Dyson AirWrap Review

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Erin Lawrence

Dyson AirWrap

Dyson is dominating the hair care field with its engineering, and the AirWrap made a huge splash when it was released way back in 2018. Is it still a splurge-worthy hair tool today?

I recently bought the Airwrap for myself because I have been dying to find out…and what I found is this device has its quirks and limitations… but with a few tips, you can get it to work for you. In this review I’ll look at what you get with the Airwrap MultiStyler, what each of the tools does and how well it works or doesn’t, what you need to know about using each one, and if overall this very expensive hair gadget is worth the price.

Dyson Airwrap
4.5

Summary

The Dyson Airwrap hair styler is a high-quality hair dryer, curler and straightener. For its high price though, it’s for those who plan to use it daily.

Pros

  • Versatile kit
  • Attachments work very well
  • Doesn’t feel harsh on hair
  • Travel and storage case
  • Can be disassembled easily
  • Great results

Cons

  • Expensive
  • Large case, difficult to store
  • Takes time to learn to use properly

Dyson AirWrap: What you get

Dyson AirWrap

The AirWrap is a beautiful package. The version I chose for myself is the Dyson Airwrap Complete Long, made for longer hair. (The Airwrap Complete is for hair shorter than chest length).

Inside the box you get a beautiful storage case with lid that doubles as a non-slip mat for your tools. It is quite large, but it easily holds all your accessories and you can also fit any extra attachments you may get later on, like the big volume round brush Dyson just announced.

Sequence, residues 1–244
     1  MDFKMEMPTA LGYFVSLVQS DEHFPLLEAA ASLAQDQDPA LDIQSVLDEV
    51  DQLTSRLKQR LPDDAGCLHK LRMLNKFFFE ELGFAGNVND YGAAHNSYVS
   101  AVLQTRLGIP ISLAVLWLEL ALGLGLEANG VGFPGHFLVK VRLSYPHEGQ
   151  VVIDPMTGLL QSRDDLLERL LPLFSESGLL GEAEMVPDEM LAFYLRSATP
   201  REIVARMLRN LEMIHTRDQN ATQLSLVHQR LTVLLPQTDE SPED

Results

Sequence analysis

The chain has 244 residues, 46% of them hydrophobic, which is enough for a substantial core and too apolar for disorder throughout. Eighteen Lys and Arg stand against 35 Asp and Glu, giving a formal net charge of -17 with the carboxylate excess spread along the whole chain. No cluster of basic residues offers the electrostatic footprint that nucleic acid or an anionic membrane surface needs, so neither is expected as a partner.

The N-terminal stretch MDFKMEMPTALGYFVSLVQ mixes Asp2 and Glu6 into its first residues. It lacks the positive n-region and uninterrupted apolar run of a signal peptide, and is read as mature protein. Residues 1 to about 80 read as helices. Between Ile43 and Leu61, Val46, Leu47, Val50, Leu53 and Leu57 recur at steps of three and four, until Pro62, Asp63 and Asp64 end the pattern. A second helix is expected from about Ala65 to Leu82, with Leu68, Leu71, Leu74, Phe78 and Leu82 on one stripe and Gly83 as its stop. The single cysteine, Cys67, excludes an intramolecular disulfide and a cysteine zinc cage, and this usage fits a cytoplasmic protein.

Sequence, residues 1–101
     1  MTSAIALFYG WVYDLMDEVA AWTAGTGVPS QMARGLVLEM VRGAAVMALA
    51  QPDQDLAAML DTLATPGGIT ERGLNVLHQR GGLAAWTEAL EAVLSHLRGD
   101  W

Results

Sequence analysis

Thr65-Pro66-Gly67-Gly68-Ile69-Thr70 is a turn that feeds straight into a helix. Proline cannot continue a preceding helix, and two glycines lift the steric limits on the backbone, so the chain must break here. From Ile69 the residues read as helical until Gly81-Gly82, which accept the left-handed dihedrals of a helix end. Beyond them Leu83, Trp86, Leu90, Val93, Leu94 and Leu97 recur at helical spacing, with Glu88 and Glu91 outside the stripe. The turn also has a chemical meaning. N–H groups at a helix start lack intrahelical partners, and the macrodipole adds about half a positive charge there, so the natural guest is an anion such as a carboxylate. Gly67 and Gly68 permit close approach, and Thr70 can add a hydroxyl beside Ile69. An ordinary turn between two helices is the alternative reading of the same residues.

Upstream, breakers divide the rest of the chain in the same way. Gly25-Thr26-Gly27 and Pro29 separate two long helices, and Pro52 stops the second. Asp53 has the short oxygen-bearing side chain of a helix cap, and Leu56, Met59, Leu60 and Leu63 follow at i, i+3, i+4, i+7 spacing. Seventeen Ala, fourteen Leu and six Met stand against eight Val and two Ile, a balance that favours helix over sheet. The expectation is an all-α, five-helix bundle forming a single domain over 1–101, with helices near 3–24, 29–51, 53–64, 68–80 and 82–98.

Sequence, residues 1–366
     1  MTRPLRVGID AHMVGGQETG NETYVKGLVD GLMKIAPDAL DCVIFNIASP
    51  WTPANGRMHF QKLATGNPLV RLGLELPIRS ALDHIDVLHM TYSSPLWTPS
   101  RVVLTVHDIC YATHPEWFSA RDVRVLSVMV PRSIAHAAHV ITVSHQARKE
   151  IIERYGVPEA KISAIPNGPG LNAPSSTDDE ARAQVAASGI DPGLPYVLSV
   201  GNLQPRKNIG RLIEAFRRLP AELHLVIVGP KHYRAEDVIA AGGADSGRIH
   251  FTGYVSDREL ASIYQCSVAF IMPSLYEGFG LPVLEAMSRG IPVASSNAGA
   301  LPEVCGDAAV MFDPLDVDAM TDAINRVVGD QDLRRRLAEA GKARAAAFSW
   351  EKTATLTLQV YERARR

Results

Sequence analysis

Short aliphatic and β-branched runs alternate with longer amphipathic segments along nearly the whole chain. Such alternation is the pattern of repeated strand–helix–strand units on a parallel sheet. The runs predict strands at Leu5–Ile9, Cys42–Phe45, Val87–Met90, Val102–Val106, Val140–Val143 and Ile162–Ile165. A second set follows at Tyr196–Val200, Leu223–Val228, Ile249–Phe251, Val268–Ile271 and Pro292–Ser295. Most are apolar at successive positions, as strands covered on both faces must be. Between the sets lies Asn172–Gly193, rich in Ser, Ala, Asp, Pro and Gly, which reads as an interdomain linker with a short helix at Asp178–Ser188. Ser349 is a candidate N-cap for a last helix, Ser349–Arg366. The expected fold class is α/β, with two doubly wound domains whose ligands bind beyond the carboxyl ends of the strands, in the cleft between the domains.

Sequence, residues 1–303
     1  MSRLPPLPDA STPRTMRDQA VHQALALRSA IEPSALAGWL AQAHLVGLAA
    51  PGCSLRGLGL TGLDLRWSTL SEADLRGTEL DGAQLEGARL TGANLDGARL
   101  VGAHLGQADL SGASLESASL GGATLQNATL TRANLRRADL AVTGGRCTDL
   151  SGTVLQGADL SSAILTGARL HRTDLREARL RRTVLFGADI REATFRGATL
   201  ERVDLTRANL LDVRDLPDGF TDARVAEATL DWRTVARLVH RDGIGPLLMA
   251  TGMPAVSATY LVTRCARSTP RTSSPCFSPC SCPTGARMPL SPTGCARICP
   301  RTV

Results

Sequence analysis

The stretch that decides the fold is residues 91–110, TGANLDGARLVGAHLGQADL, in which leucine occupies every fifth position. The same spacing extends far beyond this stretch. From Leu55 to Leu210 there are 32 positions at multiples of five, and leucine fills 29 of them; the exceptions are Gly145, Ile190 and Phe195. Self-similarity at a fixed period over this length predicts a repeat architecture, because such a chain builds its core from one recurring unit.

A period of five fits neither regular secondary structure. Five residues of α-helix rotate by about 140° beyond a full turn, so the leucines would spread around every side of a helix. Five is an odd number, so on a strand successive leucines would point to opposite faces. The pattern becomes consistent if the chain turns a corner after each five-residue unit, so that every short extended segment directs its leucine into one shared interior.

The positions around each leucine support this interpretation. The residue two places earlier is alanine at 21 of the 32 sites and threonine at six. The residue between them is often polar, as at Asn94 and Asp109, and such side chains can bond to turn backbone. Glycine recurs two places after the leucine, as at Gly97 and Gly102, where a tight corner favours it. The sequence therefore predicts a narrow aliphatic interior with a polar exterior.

The box contains:

  • Dyson Airwrap motor/handle
  • 30mm Airwrap Long Barrel
  • 40mm Airwrap Long Barrel
  • Coanda smoothing dryer
  • Firm smoothing brush
  • Soft Smoothing Brush
  • Round volumizing brush
  • Filter Cleaning Ring Brush

Each of the styling attachments is interchangeable and simply clicks into place on the styler.

On the motor are a handful of settings:

  • Power button/Cool shot button
  • 3 heat levels
  • 3 airflow levels

Using Dyson Airwrap

When it comes to using the Airwrap styler, there are lots of options. I tried each of them out so I’ll share what each is designed to do.

Coanda Smoothing Dryer

Dyson AirWrap

Right from my very first use I loved this hairdryer. With its odd teardrop shape and strange maneuverable bar, it doesn’t look like any hairdryer I’ve ever used, and initially I was extremely sceptical it would be effective. This attachment is going to be your first step, designed to quickly rough-dry hair in preparation for styling.

While the attachment head is quite small, and the airflow nozzle rather narrow, it has the extremely helpful effect of being able to get in and under your hair and closer to your scalp, which allowed me to blow dry and create more volume than with a regular blow if you are just going for a smooth blowout, you can take it all the way to fully dry by using what Dyson calls Enhanced Coanda airflow to hide flyaways for a smoother finish.

The small bar on the nozzle helps flatten flyaways for a much smoother look.

I found in my testing it was actually quite good at getting all the sprouty hairs to lay down.